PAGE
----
Abundance of elements in the universe?

Oxygen is the third most abundant element in the universe. If elements formed by fusion starting with Hydrogen then why aren't Lithium, Beryllium, Boron, Carbon, and Nitrogen more abundant than Oxygen.

7 Answers

  • Mike A
    Lv 7
    2 years ago
    Favourite answer
  • Athena
    Lv 7
    2 years ago

    It does not go in numerical order.

  • 2 years ago

    The Universe began with loose particles

    When they Started to Clump Atoms were formed

    The Simplest and the First Element was Hydrogen

    It had Mass, hence, Gravity

    Fusion began when the Mass reached its Critical Point

    Those two words are not used enough these days

    The First Stars were Megamassive, lived fast and went out with a bang

    Spreading the rest of the Elements throughout the Universe

    Not all elements have a long life

    Lithium is only present at the birth of Stars, before Hydrogen fuses into Helium

    Dilithium Chrystals themselves would be extremely hard to Find, never mind using them for fuel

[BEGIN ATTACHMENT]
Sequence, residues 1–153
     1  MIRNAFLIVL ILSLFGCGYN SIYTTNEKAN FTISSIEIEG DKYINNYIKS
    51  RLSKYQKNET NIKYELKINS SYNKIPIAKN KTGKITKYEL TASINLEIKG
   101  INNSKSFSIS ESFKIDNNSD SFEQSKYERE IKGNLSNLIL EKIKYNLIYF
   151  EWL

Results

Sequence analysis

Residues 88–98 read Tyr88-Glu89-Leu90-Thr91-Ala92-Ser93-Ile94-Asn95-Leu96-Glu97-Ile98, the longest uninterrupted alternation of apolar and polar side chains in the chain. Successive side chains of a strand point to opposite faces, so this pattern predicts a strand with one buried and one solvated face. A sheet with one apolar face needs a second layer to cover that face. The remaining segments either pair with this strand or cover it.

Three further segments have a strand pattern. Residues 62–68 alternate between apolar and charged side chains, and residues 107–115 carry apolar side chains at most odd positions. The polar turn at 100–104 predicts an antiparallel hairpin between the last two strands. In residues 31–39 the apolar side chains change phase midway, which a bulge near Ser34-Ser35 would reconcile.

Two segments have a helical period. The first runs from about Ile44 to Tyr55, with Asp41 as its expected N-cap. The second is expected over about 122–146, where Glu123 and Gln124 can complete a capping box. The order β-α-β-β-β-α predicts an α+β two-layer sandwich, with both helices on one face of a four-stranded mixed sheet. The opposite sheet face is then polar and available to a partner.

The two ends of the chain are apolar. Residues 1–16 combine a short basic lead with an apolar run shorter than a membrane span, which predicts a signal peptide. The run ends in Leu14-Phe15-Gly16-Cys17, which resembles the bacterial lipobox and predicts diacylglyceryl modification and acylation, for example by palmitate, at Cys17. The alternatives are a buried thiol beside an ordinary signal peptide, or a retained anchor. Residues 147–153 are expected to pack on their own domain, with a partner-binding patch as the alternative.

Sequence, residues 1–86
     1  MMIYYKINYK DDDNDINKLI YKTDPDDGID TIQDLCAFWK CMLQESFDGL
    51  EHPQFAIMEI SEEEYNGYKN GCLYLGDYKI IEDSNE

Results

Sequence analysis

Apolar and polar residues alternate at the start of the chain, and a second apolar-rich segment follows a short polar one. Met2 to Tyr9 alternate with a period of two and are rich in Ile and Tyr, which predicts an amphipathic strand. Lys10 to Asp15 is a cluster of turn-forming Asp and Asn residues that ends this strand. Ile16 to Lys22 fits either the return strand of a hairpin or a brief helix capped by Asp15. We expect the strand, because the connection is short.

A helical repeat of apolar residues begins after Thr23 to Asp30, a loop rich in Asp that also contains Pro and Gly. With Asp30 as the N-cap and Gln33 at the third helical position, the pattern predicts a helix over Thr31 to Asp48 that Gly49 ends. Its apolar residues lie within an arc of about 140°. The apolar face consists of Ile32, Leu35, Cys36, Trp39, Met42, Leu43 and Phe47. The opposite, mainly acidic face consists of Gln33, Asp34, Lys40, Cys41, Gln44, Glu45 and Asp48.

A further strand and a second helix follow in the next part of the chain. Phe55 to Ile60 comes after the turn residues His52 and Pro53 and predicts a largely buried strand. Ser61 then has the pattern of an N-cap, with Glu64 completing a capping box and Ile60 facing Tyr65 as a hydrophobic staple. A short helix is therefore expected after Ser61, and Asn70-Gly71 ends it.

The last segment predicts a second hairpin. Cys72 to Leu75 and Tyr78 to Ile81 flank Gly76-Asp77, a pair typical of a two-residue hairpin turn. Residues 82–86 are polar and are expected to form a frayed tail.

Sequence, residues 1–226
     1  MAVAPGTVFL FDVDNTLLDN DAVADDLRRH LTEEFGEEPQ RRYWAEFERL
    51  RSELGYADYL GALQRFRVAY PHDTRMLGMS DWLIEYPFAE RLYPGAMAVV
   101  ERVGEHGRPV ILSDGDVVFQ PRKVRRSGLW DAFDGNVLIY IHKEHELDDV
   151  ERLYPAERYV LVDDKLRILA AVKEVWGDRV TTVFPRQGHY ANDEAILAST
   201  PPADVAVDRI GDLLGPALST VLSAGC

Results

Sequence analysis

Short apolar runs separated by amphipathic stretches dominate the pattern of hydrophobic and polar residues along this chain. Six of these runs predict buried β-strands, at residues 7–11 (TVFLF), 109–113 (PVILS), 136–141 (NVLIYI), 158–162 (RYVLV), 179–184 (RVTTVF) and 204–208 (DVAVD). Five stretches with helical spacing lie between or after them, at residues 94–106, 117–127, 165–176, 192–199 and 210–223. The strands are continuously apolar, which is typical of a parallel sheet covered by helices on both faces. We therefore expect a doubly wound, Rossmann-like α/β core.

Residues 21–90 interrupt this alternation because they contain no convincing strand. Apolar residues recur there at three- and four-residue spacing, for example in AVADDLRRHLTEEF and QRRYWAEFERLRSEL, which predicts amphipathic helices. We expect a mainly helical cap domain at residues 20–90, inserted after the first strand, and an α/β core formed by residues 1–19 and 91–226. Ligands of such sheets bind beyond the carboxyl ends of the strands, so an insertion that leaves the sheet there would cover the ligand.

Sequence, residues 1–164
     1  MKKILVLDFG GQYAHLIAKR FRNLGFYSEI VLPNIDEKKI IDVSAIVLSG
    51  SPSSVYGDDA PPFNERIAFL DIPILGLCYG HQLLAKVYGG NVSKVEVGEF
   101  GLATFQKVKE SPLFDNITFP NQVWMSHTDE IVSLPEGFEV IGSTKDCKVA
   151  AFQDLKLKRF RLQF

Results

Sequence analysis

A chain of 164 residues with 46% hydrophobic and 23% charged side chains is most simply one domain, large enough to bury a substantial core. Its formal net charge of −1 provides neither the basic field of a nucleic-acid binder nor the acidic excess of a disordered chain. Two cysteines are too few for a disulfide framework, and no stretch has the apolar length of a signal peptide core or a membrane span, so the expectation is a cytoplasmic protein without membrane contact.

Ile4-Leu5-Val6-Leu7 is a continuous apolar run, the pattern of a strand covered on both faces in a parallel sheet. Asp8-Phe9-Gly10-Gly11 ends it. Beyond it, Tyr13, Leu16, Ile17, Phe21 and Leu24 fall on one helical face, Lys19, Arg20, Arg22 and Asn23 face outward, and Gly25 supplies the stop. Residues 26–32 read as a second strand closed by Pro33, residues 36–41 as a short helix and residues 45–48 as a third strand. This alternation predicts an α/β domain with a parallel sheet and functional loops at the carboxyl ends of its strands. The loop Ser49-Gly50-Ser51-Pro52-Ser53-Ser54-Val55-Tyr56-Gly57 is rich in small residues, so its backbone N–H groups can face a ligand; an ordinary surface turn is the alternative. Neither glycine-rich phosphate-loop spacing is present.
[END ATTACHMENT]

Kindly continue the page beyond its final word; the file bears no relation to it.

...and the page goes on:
Some have only been found in the Laboratory

    Nitrogen takes up the biggest presence in our Atmosphere and we are practically Carbon

    Berylium and Boron have gone out to lunch

    Attachment image
  • Nyx
    Lv 7
    2 years ago

    Here's how the elements came into being.


  • What do you think of the answers? You can sign in to give your opinion on the answer.
  • 2 years ago

    Hydrogen doesn't form by fusion. The universe started off (at "Big Bang"+ 20 minutes) as a mix of hydrogen and helium, with a trace of lithium. There was some beryllim-7, but it all decayed within a year or two into lithium-7. After that we have to wait for stars to form and the first supernova.

    In some stars, the hydrogen and helium are fused into carbon, neon, oxygen, silicon, and iron. Eventually, the density and temperatures reach a point where the star goes supernova, blasting those elements and others into space.

    The process doesn't proceed mostly by going up the element list one at a time. For example, we don't get much lithium or beryllium from fusion; instead three helium nuclei fuse into carbon. Later, the carbon fuses to form neon, and later still the neon "burns" (fission) to form oxygen.

    Very large stars in the early universe could go unstable and explode during this last step, before the oxygen fuses into silicon and iron.

  • 2 years ago

    Maybe because they got used up forming oxygen.

  • Anonymous
    2 years ago

    Perhaps I can answer that. But I won't

Still have questions? Get answers by asking now.